Laridian VIP Ed Hansberry posts the following on InformationWeek.com: Too Many Mobile OS’s Limiting Development For Companies.
Ed writes, “…there are a bewildering number of platforms and variations within the platforms to develop for. Enterprises will take the easy way out and just stick to one platform and a precious few models. Software developers that are selling their apps will have to have enough penetration for each platform to make development worthwhile. Each platform requires its own development team or at least a dedicated development process that takes time away from other supported platforms…. While phone carriers may support six or more mobile platforms, I am not sure the software industry will.”
We’ve been talking about this problem for some time:
- Palm Pre
- On the Problems of Designing User-Friendly Software for PDAs and Smart Phones
- The Hidden Complexity of the Cell Phone Market
- When is a Smartphone Not a Smartphone?
- …and any number of posts when the iPhone first came out.
Ed makes a good observation: There are at least six major mobile platforms. What if there were six desktop platforms? The software industry would be a significantly different place as companies tried to solve the huge problem of cross-platform development, multiple-platform development, and having enough market on any one platform to justify the incremental cost of maintaining or entering the market on that platform.
One thing you can say about Windows: By dominating the market Microsoft makes it easy for developers on desktop platforms. You can focus your development on one operating system. If you make it there you can consider Mac if you have enough users to justify the expense. Once you’ve covered Windows you have 80%-90% of the market. Whether you go for the 10%-15% represented by the Mac OS is a big decision, but at least it’s the only decision you’ll have to make.
For those of us writing software for mobile platforms there’s not only the issue of supporting a large number of platforms, but there’s the fact that the relative mix of market share on these platforms changes over time. Palm OS used to be our largest platform. Today the Palm OS is dead. Palm and Windows Mobile used to dominate the market; today iPhone and Windows Mobile hold the dominant share of customers. Deciding how we allocate development time and money is an ongoing process that changes a couple times every year.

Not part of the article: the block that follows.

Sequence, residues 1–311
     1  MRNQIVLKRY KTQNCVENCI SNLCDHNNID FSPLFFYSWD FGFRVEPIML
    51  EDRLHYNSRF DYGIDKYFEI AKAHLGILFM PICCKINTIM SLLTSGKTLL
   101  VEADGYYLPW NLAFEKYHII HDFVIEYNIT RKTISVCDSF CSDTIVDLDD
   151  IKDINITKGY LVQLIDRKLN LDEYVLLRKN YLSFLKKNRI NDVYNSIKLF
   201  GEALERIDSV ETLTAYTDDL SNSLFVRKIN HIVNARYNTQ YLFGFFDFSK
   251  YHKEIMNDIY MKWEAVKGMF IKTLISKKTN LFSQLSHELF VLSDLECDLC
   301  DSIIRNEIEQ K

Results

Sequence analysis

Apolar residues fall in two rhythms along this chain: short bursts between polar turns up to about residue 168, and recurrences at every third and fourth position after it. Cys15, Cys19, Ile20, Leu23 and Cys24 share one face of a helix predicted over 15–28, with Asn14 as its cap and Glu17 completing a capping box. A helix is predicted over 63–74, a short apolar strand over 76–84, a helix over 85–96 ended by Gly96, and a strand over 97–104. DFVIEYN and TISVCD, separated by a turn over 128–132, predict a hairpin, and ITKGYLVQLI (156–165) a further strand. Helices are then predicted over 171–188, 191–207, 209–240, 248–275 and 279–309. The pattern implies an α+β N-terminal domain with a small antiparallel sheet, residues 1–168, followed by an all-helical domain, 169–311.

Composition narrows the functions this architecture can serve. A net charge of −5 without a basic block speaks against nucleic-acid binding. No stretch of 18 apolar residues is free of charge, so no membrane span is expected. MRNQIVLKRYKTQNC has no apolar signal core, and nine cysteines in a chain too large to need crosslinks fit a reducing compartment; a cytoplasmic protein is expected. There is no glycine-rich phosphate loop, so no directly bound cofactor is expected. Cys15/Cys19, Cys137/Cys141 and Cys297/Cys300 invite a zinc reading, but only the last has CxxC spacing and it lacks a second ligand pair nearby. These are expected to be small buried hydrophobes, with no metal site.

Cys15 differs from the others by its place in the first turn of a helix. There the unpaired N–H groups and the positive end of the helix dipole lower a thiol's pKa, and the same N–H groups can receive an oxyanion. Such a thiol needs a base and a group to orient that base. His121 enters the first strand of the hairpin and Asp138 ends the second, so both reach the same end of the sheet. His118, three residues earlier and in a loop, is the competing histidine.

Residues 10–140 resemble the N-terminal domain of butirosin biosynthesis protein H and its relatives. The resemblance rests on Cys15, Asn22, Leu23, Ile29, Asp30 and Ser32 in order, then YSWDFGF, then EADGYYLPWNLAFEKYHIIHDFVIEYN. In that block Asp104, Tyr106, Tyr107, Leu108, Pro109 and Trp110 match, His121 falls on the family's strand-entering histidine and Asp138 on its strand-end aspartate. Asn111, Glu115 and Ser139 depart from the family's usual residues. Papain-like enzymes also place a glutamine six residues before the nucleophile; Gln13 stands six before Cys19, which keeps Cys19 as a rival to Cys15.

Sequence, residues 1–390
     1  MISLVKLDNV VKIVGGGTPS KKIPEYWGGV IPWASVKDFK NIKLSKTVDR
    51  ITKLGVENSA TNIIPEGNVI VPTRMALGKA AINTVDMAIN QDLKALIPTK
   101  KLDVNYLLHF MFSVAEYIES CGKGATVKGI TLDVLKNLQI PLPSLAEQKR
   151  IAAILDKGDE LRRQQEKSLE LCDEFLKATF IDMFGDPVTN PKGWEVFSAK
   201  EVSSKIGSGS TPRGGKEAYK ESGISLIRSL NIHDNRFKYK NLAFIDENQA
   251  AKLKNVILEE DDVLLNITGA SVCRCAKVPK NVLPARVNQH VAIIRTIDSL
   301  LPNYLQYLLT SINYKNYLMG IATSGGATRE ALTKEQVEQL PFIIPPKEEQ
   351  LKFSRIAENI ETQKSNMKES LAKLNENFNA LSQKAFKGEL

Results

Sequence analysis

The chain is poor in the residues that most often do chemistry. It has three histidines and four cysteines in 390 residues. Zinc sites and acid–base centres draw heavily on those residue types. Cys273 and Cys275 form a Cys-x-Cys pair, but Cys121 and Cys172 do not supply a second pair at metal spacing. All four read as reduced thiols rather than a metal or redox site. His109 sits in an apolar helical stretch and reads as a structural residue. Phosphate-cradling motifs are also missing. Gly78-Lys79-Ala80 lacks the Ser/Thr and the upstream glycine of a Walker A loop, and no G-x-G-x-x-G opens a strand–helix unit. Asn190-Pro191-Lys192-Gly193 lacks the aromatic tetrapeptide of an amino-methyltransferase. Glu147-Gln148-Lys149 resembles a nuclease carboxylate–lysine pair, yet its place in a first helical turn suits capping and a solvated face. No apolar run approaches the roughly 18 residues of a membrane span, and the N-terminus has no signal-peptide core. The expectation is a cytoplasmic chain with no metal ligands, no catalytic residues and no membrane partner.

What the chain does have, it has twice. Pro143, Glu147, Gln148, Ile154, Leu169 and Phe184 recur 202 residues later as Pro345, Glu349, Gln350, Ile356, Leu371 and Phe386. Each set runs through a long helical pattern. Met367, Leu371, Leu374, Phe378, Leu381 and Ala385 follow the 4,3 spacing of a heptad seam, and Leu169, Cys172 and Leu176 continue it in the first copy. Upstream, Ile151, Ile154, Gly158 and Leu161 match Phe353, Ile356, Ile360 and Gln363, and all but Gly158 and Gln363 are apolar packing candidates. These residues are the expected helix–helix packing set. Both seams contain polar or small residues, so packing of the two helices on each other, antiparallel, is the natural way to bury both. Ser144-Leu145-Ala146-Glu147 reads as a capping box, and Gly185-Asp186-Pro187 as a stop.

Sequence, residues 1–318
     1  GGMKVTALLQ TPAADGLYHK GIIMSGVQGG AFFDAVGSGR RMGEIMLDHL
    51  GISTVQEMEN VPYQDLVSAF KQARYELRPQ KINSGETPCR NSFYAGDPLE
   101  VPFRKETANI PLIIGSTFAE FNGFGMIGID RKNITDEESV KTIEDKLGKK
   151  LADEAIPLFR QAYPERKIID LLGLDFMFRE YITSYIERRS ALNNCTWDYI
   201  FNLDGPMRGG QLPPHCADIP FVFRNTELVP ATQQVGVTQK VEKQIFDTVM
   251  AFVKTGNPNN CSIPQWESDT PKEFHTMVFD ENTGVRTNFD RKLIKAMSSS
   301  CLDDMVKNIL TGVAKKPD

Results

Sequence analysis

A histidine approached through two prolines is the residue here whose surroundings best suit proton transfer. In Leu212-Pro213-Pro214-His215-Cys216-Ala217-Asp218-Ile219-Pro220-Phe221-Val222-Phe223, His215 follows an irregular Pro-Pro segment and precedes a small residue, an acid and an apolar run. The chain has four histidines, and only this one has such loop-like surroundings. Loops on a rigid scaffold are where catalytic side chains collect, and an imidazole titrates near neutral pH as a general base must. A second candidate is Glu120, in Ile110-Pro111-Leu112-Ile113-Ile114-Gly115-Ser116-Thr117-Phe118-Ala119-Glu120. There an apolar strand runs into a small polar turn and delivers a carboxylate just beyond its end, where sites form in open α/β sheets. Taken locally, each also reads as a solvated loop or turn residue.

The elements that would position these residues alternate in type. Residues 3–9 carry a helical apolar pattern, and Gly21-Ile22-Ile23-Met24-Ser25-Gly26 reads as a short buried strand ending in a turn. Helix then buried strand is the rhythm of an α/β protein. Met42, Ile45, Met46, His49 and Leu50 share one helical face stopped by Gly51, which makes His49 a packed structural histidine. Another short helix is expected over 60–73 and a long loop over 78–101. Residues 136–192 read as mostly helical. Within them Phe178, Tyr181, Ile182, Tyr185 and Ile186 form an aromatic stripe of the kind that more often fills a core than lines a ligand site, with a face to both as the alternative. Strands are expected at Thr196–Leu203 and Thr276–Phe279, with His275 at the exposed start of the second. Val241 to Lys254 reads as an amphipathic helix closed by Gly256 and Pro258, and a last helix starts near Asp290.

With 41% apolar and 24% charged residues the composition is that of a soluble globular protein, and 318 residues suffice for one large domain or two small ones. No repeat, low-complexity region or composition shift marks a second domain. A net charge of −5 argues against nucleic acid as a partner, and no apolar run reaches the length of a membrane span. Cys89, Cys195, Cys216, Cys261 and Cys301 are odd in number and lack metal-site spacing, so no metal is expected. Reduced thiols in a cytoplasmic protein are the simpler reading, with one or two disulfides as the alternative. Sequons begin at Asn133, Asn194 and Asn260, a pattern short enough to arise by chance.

Meanwhile Apple doesn’t make it easy to develop for the iPhone. I am having a major problem with getting the XCode programming tools to talk to my new 3G iPhone. The information at the Apple developer site is insufficient, and the developer forums they provide have numerous questions identical to mine that have gone unanswered for months. When you call “developer support” at Apple you get a guy in Great Britain who admits he has absolutely no idea how to solve the problem because he’s not a programmer and knows nothing about programming. He points me to the documentation, which is what I’ve been following to get me into the predicament I’m in.
It’s actually encouraging to see a major company like Yahoo make the decision to abandon all other platforms but the iPhone. (Actually, they’re supporting other platforms through customizations to their Web-based products.) It makes it easier for us to consider similar options.